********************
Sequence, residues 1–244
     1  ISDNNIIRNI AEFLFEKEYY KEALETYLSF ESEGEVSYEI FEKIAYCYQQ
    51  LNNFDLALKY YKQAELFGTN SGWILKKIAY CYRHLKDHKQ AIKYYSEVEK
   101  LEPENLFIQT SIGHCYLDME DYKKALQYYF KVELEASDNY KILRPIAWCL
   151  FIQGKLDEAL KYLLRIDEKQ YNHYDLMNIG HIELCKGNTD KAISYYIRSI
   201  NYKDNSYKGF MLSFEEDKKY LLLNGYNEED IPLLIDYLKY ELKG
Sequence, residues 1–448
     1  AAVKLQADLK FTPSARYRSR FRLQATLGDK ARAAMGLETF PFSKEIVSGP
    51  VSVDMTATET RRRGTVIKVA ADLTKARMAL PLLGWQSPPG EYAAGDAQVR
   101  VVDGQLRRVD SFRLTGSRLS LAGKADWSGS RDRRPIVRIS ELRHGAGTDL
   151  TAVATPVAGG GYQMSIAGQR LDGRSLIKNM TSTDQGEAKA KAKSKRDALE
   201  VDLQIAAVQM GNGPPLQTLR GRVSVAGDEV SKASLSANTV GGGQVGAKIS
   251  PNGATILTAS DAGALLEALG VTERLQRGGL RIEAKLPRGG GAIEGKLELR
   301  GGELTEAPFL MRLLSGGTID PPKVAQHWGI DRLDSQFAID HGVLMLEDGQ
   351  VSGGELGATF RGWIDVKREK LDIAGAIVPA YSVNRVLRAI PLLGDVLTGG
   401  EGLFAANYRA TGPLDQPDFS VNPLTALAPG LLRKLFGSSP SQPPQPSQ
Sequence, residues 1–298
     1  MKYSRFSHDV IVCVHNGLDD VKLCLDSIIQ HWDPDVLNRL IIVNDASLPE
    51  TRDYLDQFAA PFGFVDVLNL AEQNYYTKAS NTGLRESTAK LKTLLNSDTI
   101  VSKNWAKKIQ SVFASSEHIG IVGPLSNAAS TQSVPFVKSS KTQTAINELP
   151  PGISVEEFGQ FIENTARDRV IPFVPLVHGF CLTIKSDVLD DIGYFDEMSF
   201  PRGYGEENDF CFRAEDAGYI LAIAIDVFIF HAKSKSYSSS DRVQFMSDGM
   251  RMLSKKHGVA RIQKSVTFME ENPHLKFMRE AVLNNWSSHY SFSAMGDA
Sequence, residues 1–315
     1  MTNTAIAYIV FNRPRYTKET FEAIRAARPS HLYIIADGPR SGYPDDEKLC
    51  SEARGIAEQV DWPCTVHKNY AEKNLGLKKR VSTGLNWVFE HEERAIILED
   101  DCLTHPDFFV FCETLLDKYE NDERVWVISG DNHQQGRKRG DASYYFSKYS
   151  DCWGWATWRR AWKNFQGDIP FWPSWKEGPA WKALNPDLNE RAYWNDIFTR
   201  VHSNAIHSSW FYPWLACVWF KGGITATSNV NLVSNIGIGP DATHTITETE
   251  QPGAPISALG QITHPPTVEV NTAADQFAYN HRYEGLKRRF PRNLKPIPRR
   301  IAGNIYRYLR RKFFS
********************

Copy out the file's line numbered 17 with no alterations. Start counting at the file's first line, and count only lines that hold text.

Sequence, residues 1–298